Anthony Yacapino was sitting at home, watching a Bugs Bunny cartoon in 2004 when he felt the first signs of post-traumatic stress disorder. "My heart felt like it was leaping out of my chest. I thought I was dying. It was seriously scary," he recalls.

The retired New York City police detective, like thousands of colleagues, worked for months after the Sept. 11, 2001, terrorist attacks dealing with the aftermath. He interviewed relatives of the dead at a bereavement center and later searched for human remains and victims' belongings at a Staten Island landfill.

After that first scare, Yacapino remained silent for months, trying to avoid letting on to his superiors that he was ailing years after working near ground zero. Then he had to go to court one day in lower Manhattan, not far from the World Trade Center site, and he went into a panic attack.

That's when he finally decided to seek medical help, enlisting in a program run by Stony Brook University on New York's Long Island. "The best move I ever made," he admits.

The WTC Medical Monitoring and Treatment Program at Stony Brook has cared for 6,000 first responders. Police officers, firefighters, construction workers and others receiving treatment at the program are videotaped recounting their experiences. A documentary featuring their recollections, with a companion book titled "We're Not Leaving," are being released to mark the 10th anniversary.

Dr. Benjamin Luft, the program's director, said 150 recordings have been compiled, and his goal is to collect 911 remembrances by Sept. 11, 2012. Eventually, they will be sent to the American Folklife Center at the Library of Congress.

"A major part of our documentary deals with memory and remembrance and not forgetting," Luft said in a recent interview. "In many ways, many of the things that have been reported on the responders have been reported by others. We just basically wanted to hear what those responders had to say."

The title of the book comes from a police officer's account of the moments after a jetliner hit the north tower of the World Trade Center. She tells of encountering an FBI agent at the chaotic scene, where people were desperately jumping to their deaths from high above before the tower ultimately collapsed. "We're under attack. You're going to die if you stay here," the agent warned her. The officer, who survived, responded like many others who shared her sentiment, if not her luck: "We're not leaving."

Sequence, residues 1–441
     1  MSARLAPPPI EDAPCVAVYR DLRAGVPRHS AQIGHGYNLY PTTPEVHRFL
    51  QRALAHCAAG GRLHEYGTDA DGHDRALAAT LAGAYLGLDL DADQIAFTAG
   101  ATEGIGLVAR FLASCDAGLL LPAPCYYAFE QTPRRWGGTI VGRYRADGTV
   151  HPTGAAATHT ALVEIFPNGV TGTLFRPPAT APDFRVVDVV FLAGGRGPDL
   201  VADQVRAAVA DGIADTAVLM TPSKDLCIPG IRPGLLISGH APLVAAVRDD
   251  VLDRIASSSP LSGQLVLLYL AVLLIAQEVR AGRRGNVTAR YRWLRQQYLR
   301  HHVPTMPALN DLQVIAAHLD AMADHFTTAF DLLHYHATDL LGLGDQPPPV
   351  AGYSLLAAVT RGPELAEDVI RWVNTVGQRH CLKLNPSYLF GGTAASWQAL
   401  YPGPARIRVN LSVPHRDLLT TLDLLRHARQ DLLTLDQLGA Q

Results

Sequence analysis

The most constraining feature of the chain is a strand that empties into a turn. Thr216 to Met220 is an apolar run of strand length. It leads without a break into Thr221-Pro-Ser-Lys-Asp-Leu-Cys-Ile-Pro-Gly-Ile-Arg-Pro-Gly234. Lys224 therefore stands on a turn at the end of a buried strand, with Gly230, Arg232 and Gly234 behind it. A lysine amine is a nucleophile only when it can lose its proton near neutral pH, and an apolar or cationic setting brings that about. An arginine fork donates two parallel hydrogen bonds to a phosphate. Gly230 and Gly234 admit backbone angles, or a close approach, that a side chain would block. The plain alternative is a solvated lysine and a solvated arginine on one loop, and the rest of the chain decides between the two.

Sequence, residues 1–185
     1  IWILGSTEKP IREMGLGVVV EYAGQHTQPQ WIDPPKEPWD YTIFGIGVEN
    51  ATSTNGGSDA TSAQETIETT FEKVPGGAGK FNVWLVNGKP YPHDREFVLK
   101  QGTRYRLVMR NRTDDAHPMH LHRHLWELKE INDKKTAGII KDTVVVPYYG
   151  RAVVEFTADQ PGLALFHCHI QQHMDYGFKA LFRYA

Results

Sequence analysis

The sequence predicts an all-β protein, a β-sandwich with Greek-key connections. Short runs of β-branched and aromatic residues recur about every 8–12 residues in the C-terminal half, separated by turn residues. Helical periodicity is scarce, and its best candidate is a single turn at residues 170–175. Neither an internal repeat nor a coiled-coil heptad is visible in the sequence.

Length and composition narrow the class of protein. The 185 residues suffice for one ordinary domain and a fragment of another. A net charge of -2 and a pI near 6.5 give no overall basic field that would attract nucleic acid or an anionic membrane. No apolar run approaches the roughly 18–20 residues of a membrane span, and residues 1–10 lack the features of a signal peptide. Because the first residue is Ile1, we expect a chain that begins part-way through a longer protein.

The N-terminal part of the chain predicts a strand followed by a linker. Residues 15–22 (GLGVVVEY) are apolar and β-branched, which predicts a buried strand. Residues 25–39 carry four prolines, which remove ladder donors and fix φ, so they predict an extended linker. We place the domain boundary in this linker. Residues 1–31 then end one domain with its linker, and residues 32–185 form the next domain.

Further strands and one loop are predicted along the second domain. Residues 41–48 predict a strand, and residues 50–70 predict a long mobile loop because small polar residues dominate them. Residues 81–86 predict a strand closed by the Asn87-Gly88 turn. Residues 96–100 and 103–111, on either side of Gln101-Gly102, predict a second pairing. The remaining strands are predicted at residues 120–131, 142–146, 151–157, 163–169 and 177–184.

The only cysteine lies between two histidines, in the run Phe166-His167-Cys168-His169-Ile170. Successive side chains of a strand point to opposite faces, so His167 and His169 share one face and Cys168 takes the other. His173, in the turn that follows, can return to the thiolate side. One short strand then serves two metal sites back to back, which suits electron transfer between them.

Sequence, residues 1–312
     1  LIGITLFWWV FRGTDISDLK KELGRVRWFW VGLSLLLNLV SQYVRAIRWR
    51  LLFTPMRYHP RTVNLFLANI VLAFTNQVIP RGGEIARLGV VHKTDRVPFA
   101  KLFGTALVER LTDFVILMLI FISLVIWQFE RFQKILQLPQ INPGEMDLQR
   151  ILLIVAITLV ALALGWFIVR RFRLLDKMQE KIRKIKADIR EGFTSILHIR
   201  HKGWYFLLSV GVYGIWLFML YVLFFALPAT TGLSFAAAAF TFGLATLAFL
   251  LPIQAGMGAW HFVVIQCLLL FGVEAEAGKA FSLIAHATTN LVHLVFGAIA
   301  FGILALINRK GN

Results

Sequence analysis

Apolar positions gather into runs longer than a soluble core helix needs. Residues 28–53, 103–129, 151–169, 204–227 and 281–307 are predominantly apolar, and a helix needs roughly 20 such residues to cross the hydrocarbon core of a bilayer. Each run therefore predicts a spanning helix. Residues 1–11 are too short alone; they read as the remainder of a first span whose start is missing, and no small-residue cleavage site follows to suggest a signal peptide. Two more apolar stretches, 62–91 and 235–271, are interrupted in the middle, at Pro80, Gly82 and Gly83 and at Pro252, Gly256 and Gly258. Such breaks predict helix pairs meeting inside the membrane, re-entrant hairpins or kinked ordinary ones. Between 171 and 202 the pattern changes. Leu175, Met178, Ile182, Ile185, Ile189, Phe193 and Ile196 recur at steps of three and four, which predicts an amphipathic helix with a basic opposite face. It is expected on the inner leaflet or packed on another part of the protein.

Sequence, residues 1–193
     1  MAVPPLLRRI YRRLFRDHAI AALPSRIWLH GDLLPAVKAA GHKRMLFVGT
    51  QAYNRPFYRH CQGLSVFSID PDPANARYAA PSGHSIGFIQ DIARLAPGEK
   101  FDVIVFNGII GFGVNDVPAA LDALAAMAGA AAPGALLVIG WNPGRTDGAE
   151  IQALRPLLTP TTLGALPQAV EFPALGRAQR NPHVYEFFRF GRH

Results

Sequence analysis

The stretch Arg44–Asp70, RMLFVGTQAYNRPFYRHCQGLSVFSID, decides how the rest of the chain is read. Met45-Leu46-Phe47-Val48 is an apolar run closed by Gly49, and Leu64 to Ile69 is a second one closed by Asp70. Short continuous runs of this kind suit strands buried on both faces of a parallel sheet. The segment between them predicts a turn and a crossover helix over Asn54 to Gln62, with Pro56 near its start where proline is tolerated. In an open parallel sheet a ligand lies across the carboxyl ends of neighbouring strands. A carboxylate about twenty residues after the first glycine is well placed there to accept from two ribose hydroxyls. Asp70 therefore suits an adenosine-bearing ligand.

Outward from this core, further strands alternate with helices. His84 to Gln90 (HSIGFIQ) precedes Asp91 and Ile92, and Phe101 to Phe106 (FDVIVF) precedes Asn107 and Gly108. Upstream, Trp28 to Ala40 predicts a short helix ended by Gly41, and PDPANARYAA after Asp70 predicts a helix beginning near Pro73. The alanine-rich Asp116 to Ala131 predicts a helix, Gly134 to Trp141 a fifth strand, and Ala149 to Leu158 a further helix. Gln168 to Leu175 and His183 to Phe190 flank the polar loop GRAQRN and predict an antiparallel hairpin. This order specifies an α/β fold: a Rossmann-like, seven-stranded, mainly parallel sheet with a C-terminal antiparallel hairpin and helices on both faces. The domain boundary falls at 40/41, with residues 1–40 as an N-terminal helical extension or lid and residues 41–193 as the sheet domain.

Luft said that 10 years on, new patients are still walking into his center seeking treatment, many of them police officers and firefighters who realize they need help only after they retire.

"All of a sudden they're out of that situation and those feelings and those conditions come to the forefront," Luft said. "For them, the real disaster to their lives that would occur is really when they're not able to do their job, when they're not able to function fully, when they're not able to be part of that community, to be able to be a responder."

Eddie Burns, 44, was a patrolman living in Brooklyn on the morning of Sept. 11, 2001. He was off duty, walking to a coffee shop with his young daughter when he saw a second jetliner fly low overhead, heading for the Trade Center's south tower. After seeing the huge fireball, and hearing a call for all emergency personnel to report for duty, he arranged for his daughter's care and raced to the scene.

"We did everything," he recalls. "Search and recovery, evacuation, we searched cars; there were a lot of abandoned vehicles. There were no survivors.

"The only people we were able to help were the other responders."

He later spent time at the landfill where debris from ground zero was taken and searched for remains. He spent five more years as a police officer, before deciding to retire in 2006 with only 10 years on the job.

"Those last five years were the longest years of my life. I was so depressed and unhappy," he said.

He and his family now live on eastern Long Island. He said he went to Stony Brook because "I was basically afraid for my life. I didn't know what I was exposed to with the toxins (at ground zero)." He said he was diagnosed with an inflammation of the sinus cavity and also felt some effects of post-traumatic stress disorder.

"I feel a lot better now," he said. "There was an office for us to go to and kind of vent, share our lives with them."

Luft said as the 10th anniversary approaches, there is some expected anxiety, but he noted first responders come at the date from a different perspective.

"If we use 9/11 with authenticity, with frankness, with respect, with no aversion to the truth, I don't think that will distress them."